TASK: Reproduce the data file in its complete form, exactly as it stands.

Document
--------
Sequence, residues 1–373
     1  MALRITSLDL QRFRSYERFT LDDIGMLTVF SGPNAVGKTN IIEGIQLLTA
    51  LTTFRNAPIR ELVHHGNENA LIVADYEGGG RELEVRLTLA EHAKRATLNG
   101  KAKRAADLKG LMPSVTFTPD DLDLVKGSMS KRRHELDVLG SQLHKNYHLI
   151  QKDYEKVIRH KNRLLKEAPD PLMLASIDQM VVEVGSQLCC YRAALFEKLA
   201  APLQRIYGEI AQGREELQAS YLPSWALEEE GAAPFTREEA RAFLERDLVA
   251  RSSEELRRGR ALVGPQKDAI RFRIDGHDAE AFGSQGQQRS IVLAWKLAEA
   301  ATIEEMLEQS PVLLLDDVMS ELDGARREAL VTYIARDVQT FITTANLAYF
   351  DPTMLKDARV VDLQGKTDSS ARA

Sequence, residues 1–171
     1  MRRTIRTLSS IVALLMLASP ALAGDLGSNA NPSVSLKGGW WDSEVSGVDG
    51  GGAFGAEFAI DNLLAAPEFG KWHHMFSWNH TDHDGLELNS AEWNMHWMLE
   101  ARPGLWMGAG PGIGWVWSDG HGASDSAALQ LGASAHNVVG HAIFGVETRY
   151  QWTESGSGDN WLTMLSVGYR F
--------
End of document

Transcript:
Sequence, residues 1–373
     1  MALRITSLDL QRFRSYERFT LDDIGMLTVF SGPNAVGKTN IIEGIQLLTA
    51  LTTFRNAPIR ELVHHGNENA LIVADYEGGG RELEVRLTLA EHAKRATLNG
   101  KAKRAADLKG LMPSVTFTPD DLDLVKGSMS KRRHELDVLG SQLHKNYHLI
   151  QKDYEKVIRH KNRLLKEAPD PLMLASIDQM VVEVGSQLCC YRAALFEKLA
   201  APLQRIYGEI AQGREELQAS YLPSWALEEE GAAPFTREEA RAFLERDLVA
   251  RSSEELRRGR ALVGPQKDAI RFRIDGHDAE AFGSQGQQRS IVLAWKLAEA
   301  ATIEEMLEQS PVLLLDDVMS ELDGARREAL VTYIARDVQT FITTANLAYF
   351  DPTMLKDARV VDLQGKTDSS ARA

Sequence, residues 1–171
     1  MRRTIRTLSS IVALLMLASP ALAGDLGSNA NPSVSLKGGW WDSEVSGVDG
    51  GGAFGAEFAI DNLLAAPEFG KWHHMFSWNH TDHDGLELNS AEWNMHWMLE
   101  ARPGLWMGAG PGIGWVWSDG HGASDSAALQ LGASAHNVVG HAIFGVETRY
   151  QWTESGSGDN WLTMLSVGYR F